In 1947 Beaconsfield Boulevard was highway #2 to Ottawa and Toronto.  There were no street lights or sidewalks. The garbage dump was behind the woods of the property at 331 Beaconsfield Blvd.  Everyone had septic tanks and wells for water. There was no mail delivery; we picked up our mail in Pointe Claire until the pick-up location was moved to a house on Beaconsfield Court.  There were no stores in Beaconsfield at that time. There were only deliveries for bread, milk and laundry.

One fall, the farmer, who lived in the area known as Richmond Court at the time, had to keep some of his pigs because the Swift packing plant was on strike. Well, of course, they escaped one day and the few of us living nearby spent the afternoon trying to help him recover his animals. Hilarious!

Most of the properties in Beaurepaire and Beaconsfield were farms, but a lot of the summer houses were on the lakeside which brought a lot of Montreal people.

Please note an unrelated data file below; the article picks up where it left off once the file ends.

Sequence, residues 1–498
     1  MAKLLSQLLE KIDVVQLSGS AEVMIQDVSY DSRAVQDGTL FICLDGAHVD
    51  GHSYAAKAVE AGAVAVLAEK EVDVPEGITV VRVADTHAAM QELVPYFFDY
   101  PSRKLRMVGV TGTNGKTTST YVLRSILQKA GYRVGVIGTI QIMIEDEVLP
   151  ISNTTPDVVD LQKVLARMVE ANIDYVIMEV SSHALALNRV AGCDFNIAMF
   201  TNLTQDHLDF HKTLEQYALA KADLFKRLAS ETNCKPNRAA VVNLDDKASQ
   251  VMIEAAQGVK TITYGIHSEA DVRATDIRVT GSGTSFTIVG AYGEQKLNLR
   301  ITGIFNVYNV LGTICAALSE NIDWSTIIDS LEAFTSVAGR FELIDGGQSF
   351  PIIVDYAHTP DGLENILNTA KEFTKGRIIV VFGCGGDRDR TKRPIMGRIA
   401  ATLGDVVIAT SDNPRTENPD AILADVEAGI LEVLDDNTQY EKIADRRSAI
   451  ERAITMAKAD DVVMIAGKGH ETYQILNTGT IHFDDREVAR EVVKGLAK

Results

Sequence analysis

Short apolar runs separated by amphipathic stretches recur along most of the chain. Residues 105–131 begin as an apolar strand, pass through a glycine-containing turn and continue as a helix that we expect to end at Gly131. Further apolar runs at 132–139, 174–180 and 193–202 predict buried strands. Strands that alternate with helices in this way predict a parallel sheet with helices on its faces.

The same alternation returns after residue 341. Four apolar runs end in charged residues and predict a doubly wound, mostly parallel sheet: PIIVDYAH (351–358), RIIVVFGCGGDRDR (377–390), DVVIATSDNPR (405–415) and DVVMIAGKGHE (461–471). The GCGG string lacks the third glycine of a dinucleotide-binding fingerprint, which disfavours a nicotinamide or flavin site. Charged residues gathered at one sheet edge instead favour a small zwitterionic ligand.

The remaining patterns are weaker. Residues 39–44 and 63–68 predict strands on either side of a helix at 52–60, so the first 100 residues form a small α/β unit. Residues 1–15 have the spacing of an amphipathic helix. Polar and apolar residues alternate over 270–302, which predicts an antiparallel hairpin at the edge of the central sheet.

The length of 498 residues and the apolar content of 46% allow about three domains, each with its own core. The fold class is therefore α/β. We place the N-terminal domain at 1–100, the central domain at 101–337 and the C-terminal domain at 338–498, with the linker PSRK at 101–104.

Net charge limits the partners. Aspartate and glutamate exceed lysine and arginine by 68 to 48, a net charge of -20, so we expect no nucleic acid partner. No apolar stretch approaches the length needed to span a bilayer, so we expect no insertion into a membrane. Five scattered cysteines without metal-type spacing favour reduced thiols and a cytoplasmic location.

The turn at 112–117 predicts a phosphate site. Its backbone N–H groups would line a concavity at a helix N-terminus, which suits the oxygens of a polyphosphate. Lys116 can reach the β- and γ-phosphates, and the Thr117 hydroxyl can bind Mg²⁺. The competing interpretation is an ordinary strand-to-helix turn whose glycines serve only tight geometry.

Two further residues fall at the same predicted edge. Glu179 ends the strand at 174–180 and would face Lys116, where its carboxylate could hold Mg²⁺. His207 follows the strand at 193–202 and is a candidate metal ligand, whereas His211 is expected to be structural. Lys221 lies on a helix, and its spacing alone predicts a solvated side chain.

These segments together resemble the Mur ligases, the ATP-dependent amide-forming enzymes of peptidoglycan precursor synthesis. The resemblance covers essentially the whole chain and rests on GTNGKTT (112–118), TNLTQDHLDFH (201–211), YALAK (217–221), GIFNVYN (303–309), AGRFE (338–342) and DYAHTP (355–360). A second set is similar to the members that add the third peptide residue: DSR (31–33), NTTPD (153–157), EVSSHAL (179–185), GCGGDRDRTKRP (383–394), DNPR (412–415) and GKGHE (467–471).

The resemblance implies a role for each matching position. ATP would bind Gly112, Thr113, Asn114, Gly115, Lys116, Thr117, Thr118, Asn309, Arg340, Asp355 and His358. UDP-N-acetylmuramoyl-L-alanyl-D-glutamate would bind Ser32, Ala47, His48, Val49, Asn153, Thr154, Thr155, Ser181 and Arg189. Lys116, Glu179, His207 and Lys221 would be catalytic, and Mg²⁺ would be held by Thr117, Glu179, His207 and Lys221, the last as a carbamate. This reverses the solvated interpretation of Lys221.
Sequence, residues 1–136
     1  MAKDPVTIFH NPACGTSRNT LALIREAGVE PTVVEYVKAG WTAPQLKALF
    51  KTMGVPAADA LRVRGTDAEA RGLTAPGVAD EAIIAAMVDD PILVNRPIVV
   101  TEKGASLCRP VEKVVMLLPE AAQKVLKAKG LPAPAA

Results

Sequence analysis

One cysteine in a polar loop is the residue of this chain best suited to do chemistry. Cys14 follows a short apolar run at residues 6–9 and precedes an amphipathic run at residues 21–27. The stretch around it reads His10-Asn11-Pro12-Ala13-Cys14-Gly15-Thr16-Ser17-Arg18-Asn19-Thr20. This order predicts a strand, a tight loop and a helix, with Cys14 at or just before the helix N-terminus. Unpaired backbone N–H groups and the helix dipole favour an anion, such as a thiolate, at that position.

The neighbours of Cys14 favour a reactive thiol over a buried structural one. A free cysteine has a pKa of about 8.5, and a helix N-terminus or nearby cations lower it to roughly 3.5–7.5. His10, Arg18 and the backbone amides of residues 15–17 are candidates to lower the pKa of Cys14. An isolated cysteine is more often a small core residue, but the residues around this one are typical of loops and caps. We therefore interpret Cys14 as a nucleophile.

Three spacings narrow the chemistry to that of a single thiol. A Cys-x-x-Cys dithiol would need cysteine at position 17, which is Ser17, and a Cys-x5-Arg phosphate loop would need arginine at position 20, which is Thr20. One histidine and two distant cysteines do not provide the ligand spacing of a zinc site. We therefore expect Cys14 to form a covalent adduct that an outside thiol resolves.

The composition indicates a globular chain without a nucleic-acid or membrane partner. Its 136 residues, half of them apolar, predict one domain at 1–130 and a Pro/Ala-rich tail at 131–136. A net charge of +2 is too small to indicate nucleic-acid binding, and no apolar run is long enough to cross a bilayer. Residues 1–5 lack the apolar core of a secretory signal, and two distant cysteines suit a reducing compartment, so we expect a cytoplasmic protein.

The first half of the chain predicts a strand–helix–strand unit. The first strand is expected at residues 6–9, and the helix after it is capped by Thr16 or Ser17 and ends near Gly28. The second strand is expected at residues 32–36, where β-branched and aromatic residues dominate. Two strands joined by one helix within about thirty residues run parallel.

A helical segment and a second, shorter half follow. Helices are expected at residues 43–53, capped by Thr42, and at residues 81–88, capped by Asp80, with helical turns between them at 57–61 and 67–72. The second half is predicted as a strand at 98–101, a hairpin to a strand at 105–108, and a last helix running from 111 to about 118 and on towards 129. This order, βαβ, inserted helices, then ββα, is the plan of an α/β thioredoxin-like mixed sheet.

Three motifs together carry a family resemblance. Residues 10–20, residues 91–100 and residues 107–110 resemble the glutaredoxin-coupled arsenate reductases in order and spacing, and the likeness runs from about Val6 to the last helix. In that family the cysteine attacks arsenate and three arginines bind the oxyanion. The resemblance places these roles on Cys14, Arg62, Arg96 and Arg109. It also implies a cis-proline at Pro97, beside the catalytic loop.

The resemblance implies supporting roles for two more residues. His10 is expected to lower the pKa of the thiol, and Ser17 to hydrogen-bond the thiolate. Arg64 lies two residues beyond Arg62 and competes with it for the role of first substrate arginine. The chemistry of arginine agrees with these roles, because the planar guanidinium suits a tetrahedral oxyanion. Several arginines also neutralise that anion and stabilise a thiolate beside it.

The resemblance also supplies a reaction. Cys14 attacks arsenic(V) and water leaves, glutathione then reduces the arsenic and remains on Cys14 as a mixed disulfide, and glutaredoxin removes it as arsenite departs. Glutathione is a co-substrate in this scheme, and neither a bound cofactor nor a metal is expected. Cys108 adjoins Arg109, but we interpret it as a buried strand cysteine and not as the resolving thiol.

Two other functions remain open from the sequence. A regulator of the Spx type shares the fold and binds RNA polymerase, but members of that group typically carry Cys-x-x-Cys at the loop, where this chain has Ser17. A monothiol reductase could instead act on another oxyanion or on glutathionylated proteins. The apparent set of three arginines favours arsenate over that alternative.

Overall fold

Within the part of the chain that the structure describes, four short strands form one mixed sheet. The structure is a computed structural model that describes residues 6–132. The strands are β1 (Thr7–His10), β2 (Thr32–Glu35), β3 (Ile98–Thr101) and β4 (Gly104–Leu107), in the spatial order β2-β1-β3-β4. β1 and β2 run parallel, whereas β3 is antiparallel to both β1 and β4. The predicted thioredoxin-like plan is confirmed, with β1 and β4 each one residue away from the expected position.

Joan Irwin, Ruth Daily and I decided to start a Kindergarten with a qualified teacher (can’t remember her name).  It was held in the basement of Christ Church in Beaurepaire.  We registered some of the children which helped us hire a teacher and get equipment. It was a great success, but as often happens, the Home and School Association decided to take over. I don’t think we were ever given credit for getting it started.  Also, a group of us put on a Revue to help the Home and School raise some money. 

One weekend, we loaned our house and grounds for an art show and sherry party to raise money for the library. Kay Betts, our devoted librarian, helped with the organization of the event.

The Campbells bought the property next to us on both sides of Beaconsfield Blvd. They built a large barn to house a number of cows and horses who spent their time breaking through the fence and coming onto our property. They really enjoyed the flowers in our window boxes.  We were not amused!

by B. Jockel